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On disc: Jack Foster III

Jazzraptor's Secret - Claudia Ehrhardt - 8 stars

Jazzraptor's Secret

Jazzraptor's Secret
(ProgRock Records - 2008)

Jack Foster III is presenting a new album called Jazzraptor's Secret and it kicks off with the same named intro - you hear a baby, a clock ticking and some whispered words... The first song on this 4th album of Jack Foster III is The Corner and presents prog rock with heavy, almost metallic riffs as well as some jazzy parts - and a dash of funk. Again Foster teamed up with Magellan's Trent Gardner and Robert Berry (Three, Alliance). Foster manages to combine different sounds and complex parts with light melodies and so makes it quite easy to get into the Jazzraptor's world... If you will find out the secret? Who knows?
With To Hsve And To Hold he offers a beautiful balladesque tune with acoustic guitars. Almost a singer / songwriter song, but with the warm timbre of Jack Foster III's voice and the emotions his vocals transport its a pleasure to listen. And yes, during the instrumental part it goes prog! The following Outbreak Money brings back the prog with a fast intro, but then slows down again - focusing on Foster's voice. The trio takes you on a musical roller coaster ride with slow, balladesque parts, instrumental frenzy and up-tempo prog parts. Actually it's the contrast which attracts me, the outbreak of jazzy or progressive parts and then the smooth balladesque passages. Its like a carrot and stick treatment - and even then they can surprise you. The longest track at Jazzraptor's Secret is Mandelbrot World and kicks off with piano and keyboard... First a bit classic, then more spheric sounds which remember me a bit of the late 70's prog rock bands... So the threesome slowly carries you into Mandelbrot World. A dash of honky tonk piano, a dash of country rock and an emotional voice. Trent Gardner and Robert Berry produced the album and partly co-wrote it and some parts remind me of Berry's Alliance... No big deal, coz this is more prog rock and I really like to listen to Alliance, so no complains from me. God And War kicks off with church-like choirs, but then it becomes a smooth prog rock tune with just a dash of aggression here and there. And it fits as this song lyrically is about to stop war and love each other. He touches a religious topic, but without preaching. Only the hallelujah choir towards the end is a bit annoying, but it fits to the lyrics, so its okay - and its only a short part. And after an instrumental prog partt, the church-like choir is back for a brief moment. At The New American it seems he gave some kind of an political statement - as he quotes 'yes, we can' from the Obama campaign -, even if this song isn't about Obama. The last track is Sometimes When You Win and sticks out with it's lounge jazz flair and prog edge, but what really makes this one stick out is the brass section part. Quite cool!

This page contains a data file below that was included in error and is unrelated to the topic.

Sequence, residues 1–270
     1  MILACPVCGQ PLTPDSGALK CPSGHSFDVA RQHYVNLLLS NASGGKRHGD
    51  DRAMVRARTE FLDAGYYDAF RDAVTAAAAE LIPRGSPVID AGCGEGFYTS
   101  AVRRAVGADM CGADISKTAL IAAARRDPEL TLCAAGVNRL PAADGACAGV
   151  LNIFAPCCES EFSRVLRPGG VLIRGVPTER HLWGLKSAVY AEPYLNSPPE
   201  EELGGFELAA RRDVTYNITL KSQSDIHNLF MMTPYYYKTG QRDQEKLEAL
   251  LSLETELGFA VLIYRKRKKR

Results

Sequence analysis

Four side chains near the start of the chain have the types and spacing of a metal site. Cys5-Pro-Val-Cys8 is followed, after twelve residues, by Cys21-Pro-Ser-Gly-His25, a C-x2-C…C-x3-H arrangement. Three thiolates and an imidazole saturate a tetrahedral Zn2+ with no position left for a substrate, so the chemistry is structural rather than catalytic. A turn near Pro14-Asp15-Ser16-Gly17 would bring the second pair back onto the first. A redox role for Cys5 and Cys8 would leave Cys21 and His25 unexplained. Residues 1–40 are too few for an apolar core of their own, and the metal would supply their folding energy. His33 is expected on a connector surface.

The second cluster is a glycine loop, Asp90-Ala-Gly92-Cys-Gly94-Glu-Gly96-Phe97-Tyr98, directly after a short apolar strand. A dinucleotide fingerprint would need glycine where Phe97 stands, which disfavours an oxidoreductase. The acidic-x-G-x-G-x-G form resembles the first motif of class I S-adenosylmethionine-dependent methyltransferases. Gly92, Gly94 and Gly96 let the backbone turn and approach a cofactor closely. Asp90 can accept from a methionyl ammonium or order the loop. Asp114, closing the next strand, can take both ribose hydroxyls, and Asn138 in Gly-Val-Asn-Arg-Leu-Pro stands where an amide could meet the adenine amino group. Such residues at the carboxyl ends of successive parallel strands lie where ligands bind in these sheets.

Well, they don't present something new, but who does these days? Anyway, the album has cool songs, is well played and has a good production. Everything on a high level, so what more you can ask for? Perhaps more progressive parts... Or a larger variety of sounds? Okay, that's not what you get here, but you get a homogenous album which you can enjoy from A to Z!

8 stars

Claudia Ehrhardt


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